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Osprey's examination of the B-24 Liberator Units' participation in World War II (1939-1945). The B-24 Liberator was built in greater numbers than any other US warplane, yet its combat crews live, even today, in the shadow of the less plentiful, but better-known, B-17. Accounts of the 'Mighty Eighth' in Europe, and indeed many of the books and films that emerged from the greatest air campaign in history, often overlook the B-24, even though it was in action for as long as the Flying Fortress, and participated in just as many perilous daylight bombing missions.
The B-24 was heavily utilised in the North African and Mediterranean theatres by the USAAF's Fifteenth Air Force, with operations over the Ploesti oilfields in Rumania being some of the most famous missions undertaken by the big American 'heavy' in World War II (1939-1945). The stirling work of the Fifteenth Air Force is often overshadowed by the glamorous 'Mighty Eighth', yet the men flying the B-24 fought ceaselessly right through to VE Day. This is the third of five titles planned to chart the operational history of the Consolidated heavy bomber, and is the first single volume to exclusively cover the Fifteenth Air Force's B-24 units.
Ever present in the Pacific from Pearl Harbor to VJ-Day during World War II (1939-1945), the B-24 Liberator proved to be the staple heavy bomber of the campaign. From its ignominious beginnings in the Allied rout in the Philippines and the Dutch East Indies, the bomber weathered the Japanese storm with a handful of bomb groups, which played a crucial role in checking the enemy's progress firstly in New Guinea, and then actively participating in the 'island hopping' campaign through the south-west Pacific.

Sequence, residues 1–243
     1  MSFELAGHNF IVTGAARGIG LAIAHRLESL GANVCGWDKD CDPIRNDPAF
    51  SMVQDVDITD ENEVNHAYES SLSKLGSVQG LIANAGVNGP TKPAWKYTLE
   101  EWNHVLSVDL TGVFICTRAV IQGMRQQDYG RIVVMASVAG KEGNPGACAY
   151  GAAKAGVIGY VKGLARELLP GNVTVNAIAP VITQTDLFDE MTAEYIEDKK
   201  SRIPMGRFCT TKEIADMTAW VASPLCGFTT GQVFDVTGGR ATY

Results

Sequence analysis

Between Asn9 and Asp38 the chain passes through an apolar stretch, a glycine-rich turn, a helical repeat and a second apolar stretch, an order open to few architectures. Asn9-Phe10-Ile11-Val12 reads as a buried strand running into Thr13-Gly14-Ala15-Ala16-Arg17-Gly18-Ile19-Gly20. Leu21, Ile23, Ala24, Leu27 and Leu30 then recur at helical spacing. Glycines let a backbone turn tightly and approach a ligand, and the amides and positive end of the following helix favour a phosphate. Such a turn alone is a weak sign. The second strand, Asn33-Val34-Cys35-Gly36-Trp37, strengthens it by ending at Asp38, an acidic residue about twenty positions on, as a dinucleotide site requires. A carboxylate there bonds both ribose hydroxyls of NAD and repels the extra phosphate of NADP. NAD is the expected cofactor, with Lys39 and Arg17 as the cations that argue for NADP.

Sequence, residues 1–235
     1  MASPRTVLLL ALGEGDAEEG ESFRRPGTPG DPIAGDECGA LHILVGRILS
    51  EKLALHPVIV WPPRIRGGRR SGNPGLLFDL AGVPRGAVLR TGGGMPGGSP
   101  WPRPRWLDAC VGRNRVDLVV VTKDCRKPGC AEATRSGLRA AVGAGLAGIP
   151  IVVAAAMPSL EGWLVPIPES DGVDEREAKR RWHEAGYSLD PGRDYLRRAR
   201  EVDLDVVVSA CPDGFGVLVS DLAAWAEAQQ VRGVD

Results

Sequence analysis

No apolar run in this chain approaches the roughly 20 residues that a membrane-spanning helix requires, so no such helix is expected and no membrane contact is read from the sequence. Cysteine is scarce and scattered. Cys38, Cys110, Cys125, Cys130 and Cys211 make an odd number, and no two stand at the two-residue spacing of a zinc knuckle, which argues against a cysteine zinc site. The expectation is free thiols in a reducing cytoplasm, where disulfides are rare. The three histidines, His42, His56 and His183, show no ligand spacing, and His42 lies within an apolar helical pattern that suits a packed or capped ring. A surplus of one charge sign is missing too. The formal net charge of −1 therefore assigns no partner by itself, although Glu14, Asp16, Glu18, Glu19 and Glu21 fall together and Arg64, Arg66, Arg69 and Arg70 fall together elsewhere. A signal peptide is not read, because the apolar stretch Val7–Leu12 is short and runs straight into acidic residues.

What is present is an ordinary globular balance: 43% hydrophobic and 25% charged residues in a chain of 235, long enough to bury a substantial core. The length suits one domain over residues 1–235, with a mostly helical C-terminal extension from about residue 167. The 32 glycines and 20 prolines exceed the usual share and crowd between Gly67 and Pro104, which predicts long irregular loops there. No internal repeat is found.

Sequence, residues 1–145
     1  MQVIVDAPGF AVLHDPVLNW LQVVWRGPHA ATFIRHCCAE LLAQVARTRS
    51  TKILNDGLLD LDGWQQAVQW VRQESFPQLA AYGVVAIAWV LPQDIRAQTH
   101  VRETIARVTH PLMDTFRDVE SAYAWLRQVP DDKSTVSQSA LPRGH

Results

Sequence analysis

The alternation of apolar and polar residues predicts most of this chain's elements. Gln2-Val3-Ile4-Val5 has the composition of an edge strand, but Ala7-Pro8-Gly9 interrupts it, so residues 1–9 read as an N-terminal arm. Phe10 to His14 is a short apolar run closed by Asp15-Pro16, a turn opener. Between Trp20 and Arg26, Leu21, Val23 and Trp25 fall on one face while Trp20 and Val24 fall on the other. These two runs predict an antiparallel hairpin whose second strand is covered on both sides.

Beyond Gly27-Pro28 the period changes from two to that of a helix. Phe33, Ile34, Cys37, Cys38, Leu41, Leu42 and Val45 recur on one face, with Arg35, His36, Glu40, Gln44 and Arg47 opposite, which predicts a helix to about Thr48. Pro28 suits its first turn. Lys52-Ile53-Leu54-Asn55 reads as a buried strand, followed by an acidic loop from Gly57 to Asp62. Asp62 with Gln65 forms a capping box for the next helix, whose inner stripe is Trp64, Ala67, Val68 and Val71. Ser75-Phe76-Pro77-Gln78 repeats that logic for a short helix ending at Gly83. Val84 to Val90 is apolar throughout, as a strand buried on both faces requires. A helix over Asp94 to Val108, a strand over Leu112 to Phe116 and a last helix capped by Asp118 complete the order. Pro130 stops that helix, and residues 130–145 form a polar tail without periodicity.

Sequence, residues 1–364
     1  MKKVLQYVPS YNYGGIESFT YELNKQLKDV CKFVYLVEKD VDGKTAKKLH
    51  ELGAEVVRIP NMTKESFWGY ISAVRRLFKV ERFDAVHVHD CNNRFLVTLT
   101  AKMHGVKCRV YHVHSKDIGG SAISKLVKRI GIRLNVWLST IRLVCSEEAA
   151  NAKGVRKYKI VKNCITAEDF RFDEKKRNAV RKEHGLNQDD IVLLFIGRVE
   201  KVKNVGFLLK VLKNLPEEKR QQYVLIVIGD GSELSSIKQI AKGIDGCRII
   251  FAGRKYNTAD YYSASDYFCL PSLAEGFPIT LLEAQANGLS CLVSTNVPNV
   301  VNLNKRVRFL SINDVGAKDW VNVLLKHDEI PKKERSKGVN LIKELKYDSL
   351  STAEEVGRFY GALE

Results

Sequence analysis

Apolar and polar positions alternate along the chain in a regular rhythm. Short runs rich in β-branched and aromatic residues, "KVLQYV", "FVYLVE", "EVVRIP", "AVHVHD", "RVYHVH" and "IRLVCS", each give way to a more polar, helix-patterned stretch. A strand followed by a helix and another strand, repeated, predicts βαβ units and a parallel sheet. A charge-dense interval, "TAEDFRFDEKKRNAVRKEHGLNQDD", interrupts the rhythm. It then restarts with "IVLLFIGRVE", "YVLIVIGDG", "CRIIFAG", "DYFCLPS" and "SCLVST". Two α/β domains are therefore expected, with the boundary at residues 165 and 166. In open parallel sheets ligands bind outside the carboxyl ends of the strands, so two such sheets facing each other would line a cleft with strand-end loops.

This book is the story of a majestic bomber of the propeller era flying perilous combat missions against a sleek, nimble warplane of the jet age, the Soviet MiG-15. A very heavy bomber and a sky giant during World War II, at that time the B-29 was the most advanced combat aircraft in the world. By the time North Korea attacked its southern neighbour in 1950, thus starting the Korean War (1950-1953) the B-29 had been reclassified a medium bomber. Many of its crew members had fought their war and settled down to raise families and begin careers only to be recalled to fight another war on a distant Asian peninsula.
The ultimate piston-engined heavy bomber of World War II (1939-1945), the first production B-29s were delivered to the 58th Very Heavy Bomb Wing in the autumn of 1943. By the spring of 1944 the Superfortress was bombing targets in the Pacific, and by war's end the aircraft had played as great a part as any weapon in ending the conflict with the Japanese. Indeed, the final dropping of two atomic bombs from the B-29 convinced the Japanese to sue for peace. This book traces the wartime career of the B-29, as the aircraft went from strength to strength in the Pacific Theatre.
The first virtually all-jet war, the conflict in Korea saw F-86 Sabres of the USAF take on MiG-15s of the North Korean and Chinese air forces. Although the Allied pilots were initially taken aback by the ability of the communist fighter in combat, sound training and skilful leadership soon enabled Sabre pilots to dominate the dogfights over the Yalu River. In all 39 F-86 pilots achieved ace status, and a number of these are profiled in this volume, as are notable pilots from the US Navy, Marine Corps and Royal Navy and, for the first time, the handful of MiG-15 aces.